Lifesaving hero returns to SunUte as lifeguard

SunUte Lifeguard, Christopher Mooney stands alert watching over the very pool where he saved a young boys life 15 years ago in the SunUte Community Center.
The SunUte Community Center awarded several lifeguards, Junior lifeguards, and one, off duty SUPD officer on June 5, 2006 for saving the life of a SunUte swimmer who would have drowned if it was not for their quick response to the situation. Lifeguard Nick Joswick was awarded the Award of Valor Excellence, Joslyn Rowley was awarded Quick Responder, Officer Scott Webster was awarded First Responder Award and J.T. Aldarez, Christopher Mooney, and Ben Young were all awarded for Junior Lifeguard of the Year.
Christopher Mooney demonstrates how to properly perform CPR on a weighted doll that is used during the lifeguard training on the pool deck at SunUte Community Center.
McKayla Lee | The Southern Ute Drum
Christian Thompson/TTA Native American Program
McKayla Lee | The Southern Ute Drum

   On Tuesday, May 23, 2006, at the SunUte Community Center a life changing event took place. A young six-year-old Christopher Mooney had been swimming in the pool at SunUte when he came across the lifeless body of his fellow peer from the Bayfield Family Center, Atlee Beam.  

Mooney not only recognized the crisis but was able to calmly and effectively inform the lifeguards on duty of the situation. Once the lifeguards, Nick Joswick and Joslyn Rowley were made aware they immediately jumped into action. They took the young boy out of the pool and laid him on the pool deck while first responders were called.  The guards then cleared the pool and guided the ambulance personnel to the young boy. Then first responders performed lifesaving procedures, the young boy’s eyes fluttered open and SunUte staff celebrated that moment.  

After graduating high school, Mooney applied to be a SunUte lifeguard. He currently attends college in Grand Junction, Colo. at Colorado Mesa University. He will be returning to school this fall for his final year.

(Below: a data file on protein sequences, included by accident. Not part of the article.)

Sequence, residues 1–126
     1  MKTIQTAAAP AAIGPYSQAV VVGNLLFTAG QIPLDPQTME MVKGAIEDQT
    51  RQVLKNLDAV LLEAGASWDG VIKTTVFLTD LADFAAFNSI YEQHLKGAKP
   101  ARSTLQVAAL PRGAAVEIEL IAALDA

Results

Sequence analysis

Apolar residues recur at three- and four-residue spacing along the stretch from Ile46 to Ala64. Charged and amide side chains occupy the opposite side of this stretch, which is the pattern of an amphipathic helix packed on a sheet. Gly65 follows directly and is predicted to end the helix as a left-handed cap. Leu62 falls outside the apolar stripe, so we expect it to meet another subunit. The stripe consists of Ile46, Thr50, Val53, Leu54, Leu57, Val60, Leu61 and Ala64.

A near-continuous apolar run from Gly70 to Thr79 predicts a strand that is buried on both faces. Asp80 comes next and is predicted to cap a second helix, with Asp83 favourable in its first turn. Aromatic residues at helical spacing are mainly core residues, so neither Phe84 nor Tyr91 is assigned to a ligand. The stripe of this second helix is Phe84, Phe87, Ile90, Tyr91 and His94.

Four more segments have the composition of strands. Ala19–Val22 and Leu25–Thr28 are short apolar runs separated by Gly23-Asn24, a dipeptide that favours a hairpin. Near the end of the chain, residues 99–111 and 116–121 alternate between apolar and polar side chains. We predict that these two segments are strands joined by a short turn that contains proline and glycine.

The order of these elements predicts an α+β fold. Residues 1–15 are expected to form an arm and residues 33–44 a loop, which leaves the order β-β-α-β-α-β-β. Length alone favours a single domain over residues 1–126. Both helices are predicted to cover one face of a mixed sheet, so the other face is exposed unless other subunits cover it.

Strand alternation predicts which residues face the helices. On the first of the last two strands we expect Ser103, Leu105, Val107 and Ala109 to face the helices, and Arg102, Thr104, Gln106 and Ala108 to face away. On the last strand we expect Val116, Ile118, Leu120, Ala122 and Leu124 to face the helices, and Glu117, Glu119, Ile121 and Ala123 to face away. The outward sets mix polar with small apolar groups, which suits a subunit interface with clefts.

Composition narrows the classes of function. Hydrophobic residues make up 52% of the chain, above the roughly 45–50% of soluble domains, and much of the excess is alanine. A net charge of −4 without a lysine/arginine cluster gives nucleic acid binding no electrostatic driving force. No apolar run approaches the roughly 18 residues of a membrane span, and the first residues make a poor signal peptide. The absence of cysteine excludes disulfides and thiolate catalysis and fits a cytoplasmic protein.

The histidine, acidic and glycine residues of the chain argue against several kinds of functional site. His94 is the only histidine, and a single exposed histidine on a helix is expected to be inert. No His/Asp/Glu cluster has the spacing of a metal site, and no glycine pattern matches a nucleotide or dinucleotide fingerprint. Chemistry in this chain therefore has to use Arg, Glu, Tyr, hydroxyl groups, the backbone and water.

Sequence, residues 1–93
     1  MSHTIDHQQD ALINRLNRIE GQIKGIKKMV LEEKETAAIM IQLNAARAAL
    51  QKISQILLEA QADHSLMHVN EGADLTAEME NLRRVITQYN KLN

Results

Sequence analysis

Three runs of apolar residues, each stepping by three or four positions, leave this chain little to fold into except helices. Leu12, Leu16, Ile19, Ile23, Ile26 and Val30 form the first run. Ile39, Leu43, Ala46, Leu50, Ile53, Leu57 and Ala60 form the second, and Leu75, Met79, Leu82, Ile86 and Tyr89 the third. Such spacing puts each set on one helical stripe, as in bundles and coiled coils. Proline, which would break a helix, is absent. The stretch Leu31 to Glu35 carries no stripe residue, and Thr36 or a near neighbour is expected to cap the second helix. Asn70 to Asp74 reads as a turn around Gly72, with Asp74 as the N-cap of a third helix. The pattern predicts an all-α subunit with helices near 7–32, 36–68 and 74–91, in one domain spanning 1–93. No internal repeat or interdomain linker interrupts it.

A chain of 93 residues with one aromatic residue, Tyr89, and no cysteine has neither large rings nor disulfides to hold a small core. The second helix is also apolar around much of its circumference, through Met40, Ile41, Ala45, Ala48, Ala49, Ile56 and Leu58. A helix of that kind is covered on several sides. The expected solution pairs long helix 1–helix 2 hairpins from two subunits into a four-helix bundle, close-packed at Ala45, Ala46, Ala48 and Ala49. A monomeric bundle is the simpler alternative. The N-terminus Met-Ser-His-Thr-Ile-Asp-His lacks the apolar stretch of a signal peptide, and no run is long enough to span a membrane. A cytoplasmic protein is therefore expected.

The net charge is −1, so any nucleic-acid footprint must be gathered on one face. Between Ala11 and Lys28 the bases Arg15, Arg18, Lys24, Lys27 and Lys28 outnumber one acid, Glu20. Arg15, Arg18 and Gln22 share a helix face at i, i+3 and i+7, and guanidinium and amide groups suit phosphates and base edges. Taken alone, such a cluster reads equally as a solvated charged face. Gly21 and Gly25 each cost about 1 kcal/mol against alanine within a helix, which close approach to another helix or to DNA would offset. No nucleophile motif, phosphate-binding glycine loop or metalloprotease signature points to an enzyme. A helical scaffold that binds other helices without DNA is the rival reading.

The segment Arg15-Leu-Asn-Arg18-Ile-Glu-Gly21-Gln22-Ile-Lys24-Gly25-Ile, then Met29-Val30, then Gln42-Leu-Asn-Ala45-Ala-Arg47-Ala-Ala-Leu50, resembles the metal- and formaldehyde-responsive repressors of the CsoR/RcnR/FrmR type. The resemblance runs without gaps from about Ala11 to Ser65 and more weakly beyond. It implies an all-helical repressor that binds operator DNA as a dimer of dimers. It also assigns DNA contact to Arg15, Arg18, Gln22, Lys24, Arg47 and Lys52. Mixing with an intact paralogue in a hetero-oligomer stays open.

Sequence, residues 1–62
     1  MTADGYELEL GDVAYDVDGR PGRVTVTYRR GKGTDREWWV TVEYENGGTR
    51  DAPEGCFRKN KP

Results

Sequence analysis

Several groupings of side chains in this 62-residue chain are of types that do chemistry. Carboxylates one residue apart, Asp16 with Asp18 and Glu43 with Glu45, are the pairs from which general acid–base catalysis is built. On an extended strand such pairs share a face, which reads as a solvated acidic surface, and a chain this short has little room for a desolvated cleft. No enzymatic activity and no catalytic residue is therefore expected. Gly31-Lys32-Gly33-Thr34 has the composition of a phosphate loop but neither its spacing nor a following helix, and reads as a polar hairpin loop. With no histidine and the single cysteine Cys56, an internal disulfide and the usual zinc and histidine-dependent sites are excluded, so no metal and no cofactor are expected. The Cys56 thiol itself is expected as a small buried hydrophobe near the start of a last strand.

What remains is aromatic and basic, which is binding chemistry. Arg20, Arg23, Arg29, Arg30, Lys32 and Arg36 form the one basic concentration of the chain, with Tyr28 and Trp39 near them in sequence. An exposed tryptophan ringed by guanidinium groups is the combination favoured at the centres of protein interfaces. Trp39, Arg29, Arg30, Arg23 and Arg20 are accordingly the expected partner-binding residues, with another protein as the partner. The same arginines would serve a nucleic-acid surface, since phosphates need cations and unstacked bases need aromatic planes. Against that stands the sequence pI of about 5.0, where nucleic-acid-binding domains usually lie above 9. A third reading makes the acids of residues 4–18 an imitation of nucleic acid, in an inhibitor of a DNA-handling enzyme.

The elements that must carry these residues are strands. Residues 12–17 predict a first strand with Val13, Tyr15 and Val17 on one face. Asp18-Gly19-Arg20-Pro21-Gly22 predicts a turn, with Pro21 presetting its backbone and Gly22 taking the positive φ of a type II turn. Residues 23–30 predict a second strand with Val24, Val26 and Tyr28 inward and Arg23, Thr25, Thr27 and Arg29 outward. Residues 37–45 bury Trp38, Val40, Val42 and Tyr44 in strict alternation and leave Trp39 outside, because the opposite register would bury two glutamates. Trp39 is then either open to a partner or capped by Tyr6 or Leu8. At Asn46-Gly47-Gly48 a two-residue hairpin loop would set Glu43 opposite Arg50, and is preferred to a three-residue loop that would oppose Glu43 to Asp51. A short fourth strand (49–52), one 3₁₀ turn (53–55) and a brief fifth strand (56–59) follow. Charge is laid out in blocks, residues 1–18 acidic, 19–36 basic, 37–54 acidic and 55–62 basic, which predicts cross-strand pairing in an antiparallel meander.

“I was a really young kid and experiencing something so traumatic like that scared me, but also gave me a deeper appreciation for life,” Mooney said. “I was being praised for being a hero, but I think I was just in the right place at the right time.” 

According to the Substance Abuse and Mental Health Services Administration, the percentage of first responders who resign after experiencing a traumatic event averages at 30 percent, and that is after having witnessing or helping in the prevention of near-death episodes.  

“Even though this specific incident was a non-fatal drowning, to have a young kid like Chris go through something like that and still want to have the responsibility to become a lifeguard is extraordinary,” SunUte Community Center Director, Robin Duffy-Wirth said. “[When this happened], it was the most terrifying thing I’ve ever been through in my life.”  

Since the near fatal drowning 15 years ago, SunUte has implemented multiple procedures to keep patrons safe in the aquatic areas. 

Before children are allowed to swim in parts of the pool where water passes above their heads, they must pass a swim test. This test not only identifies swimming levels but helps lifeguards ensure a safe swimming experience.  

The SunUte Community Center was one of three institutes in Colorado to receive the American Red Cross Aquatic Examiner Award in 2018. Since then, SunUte lifeguards have been committed to the security and management of water safety. In addition to constant training and vigilance, aquatic programs like “Josh the Otter: Water Safety and Awareness Project” help teach families, staff, and children the importance of lifesaving curriculum. 

“Our safety bar since then has gone from good to great, we work hard to keep that bar rising and we all walk in this culture of safety,” Duffy-Wirth emphasized. 

            In addition to the required trainings and drills, aquatics staff are required to complete four hours of Emergency Action Planning, team building exercise and run practice drills.  

 “It truly takes a very amazing human to go through what he did as a young boy —then for him to return [to SunUte] as a mature college kid is great,” Duffy-Wirth stated.  

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